Keep reading... Show less

This has been a remarkable year for shoegaze. If it were only for the re-raising of two central pillars of the initial scene it would still have been enough, but that wasn't even the half of it.

It hardly needs to be said that the last 12 months haven't been everyone's favorite, but it does deserve to be noted that 2017 has been a remarkable year for shoegaze. If it were only for the re-raising of two central pillars of the initial scene it would still have been enough, but that wasn't even the half of it. Other longtime dreamers either reappeared or kept up their recent hot streaks, and a number of relative newcomers established their place in what has become one of the more robust rock subgenre subcultures out there.

Keep reading... Show less
Theatre

​'The Ferryman': Ephemeral Ideas, Eternal Tragedies

The current cast of The Ferryman in London's West End. Photo by Johan Persson. (Courtesy of The Corner Shop)

Staggeringly multi-layered, dangerously fast-paced and rich in characterizations, dialogue and context, Jez Butterworth's new hit about a family during the time of Ireland's the Troubles leaves the audience breathless, sweaty and tearful, in a nightmarish, dry-heaving haze.

"Vanishing. It's a powerful word, that"

Northern Ireland, Rural Derry, 1981, nighttime. The local ringleader of the Irish Republican Army gun-toting comrades ambushes a priest and tells him that the body of one Seamus Carney has been recovered. It is said that the man had spent a full ten years rotting in a bog. The IRA gunslinger, Muldoon, orders the priest to arrange for the Carney family not to utter a word of what had happened to the wretched man.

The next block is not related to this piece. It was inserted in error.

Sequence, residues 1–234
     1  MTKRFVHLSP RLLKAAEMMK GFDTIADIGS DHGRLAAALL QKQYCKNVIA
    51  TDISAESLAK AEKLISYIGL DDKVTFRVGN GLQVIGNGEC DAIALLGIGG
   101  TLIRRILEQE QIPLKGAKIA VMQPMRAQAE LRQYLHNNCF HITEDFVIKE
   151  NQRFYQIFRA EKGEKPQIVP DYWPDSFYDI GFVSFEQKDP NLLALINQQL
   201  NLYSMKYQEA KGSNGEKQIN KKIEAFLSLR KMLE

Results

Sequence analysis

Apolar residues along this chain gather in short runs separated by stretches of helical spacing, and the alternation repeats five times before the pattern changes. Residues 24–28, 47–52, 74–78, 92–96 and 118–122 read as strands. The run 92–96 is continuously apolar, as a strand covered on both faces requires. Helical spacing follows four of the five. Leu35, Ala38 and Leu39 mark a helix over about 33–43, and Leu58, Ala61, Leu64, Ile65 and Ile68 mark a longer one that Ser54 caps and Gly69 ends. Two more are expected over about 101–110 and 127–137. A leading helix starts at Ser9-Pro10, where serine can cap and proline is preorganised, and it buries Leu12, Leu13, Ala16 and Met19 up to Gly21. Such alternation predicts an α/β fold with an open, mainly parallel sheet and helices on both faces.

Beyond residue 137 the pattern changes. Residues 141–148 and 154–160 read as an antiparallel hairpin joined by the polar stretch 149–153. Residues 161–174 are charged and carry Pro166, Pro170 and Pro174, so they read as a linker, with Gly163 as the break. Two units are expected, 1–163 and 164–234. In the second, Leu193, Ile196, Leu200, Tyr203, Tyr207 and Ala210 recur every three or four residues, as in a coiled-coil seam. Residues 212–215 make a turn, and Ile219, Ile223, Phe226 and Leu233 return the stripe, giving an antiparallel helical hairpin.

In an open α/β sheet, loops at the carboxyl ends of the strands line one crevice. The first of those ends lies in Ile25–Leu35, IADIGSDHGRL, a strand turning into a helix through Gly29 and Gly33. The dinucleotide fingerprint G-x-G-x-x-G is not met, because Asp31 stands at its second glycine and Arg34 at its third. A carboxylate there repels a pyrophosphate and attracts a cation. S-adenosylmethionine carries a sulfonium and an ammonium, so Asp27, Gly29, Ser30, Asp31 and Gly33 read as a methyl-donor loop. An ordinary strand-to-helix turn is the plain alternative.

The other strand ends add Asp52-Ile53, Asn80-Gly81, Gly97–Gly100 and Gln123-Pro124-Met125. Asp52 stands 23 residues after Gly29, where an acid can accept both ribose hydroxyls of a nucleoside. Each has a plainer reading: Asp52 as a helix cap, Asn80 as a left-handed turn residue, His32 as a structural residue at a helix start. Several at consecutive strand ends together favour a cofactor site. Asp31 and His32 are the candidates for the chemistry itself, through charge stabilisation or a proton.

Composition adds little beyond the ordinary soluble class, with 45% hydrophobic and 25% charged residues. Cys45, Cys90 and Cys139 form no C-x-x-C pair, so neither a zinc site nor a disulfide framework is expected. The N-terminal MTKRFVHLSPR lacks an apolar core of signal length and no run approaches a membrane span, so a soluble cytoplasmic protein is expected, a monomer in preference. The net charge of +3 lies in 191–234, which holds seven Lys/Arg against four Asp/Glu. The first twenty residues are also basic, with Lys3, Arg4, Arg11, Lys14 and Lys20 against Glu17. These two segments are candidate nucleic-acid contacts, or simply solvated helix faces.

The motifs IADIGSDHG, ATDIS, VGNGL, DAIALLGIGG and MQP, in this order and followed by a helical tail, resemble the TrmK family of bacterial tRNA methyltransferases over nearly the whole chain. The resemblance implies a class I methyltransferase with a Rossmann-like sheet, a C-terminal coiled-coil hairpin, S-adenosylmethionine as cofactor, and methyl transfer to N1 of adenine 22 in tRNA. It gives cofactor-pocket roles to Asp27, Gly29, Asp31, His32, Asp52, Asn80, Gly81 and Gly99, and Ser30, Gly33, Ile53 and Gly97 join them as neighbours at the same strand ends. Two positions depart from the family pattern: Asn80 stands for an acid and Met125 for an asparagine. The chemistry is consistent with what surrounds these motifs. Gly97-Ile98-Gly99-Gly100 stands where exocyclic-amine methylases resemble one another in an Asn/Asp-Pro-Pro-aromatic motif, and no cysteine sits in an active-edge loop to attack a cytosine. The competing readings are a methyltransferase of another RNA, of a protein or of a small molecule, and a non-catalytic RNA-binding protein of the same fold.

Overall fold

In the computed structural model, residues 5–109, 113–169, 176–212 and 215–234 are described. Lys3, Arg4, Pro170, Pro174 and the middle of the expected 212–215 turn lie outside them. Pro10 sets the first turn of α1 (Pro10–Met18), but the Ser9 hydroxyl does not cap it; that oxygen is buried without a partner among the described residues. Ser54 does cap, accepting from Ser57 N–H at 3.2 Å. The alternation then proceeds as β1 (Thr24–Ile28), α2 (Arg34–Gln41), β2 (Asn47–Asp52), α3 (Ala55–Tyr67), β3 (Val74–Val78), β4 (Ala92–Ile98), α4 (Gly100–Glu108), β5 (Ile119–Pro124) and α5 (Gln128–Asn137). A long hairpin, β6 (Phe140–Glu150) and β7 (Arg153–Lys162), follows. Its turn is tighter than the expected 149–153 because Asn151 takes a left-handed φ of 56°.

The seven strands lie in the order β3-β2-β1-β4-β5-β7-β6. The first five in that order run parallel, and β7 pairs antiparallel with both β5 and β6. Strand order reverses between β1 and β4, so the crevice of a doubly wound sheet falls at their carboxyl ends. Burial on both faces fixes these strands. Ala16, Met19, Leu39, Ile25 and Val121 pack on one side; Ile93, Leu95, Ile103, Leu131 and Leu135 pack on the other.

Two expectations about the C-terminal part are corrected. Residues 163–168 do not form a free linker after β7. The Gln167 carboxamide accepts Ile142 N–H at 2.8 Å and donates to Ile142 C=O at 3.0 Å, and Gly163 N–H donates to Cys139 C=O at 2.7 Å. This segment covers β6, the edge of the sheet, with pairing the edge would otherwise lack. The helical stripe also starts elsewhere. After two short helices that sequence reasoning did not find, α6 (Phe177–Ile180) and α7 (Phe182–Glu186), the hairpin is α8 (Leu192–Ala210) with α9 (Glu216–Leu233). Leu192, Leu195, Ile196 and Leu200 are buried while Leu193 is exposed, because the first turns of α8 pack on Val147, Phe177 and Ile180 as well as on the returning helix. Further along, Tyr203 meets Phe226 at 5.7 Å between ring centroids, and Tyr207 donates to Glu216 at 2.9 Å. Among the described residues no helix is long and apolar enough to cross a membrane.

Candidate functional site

Keep reading... Show less
10

Aaron Sorkin's real-life twister about Molly Bloom, an Olympic skier turned high-stakes poker wrangler, is scorchingly fun but never takes its heroine as seriously as the men.

Chances are, we will never see a heartwarming Aaron Sorkin movie about somebody with a learning disability or severe handicap they had to overcome. This is for the best. The most caffeinated major American screenwriter, Sorkin only seems to find his voice when inhabiting a frantically energetic persona whose thoughts outrun their ability to verbalize and emote them. The start of his latest movie, Molly's Game, is so resolutely Sorkin-esque that it's almost a self-parody. Only this time, like most of his better work, it's based on a true story.

Keep reading... Show less
7

There's something characteristically English about the Royal Society, whereby strangers gather under the aegis of some shared interest to read, study, and form friendships and in which they are implicitly agreed to exist insulated and apart from political differences.

There is an amusing detail in The Curious World of Samuel Pepys and John Evelyn that is emblematic of the kind of intellectual passions that animated the educated elite of late 17th-century England. We learn that Henry Oldenburg, the first secretary of the Royal Society, had for many years carried on a bitter dispute with Robert Hooke, one of the great polymaths of the era whose name still appears to students of physics and biology. Was the root of their quarrel a personality clash, was it over money or property, over love, ego, values? Something simple and recognizable? The precise source of their conflict was none of the above exactly but is nevertheless revealing of a specific early modern English context: They were in dispute, Margaret Willes writes, "over the development of the balance-spring regulator watch mechanism."

Keep reading... Show less
8
Pop Ten
Mixed Media
PM Picks

© 1999-2017 Popmatters.com. All rights reserved.
Popmatters is wholly independently owned and operated.

rating-image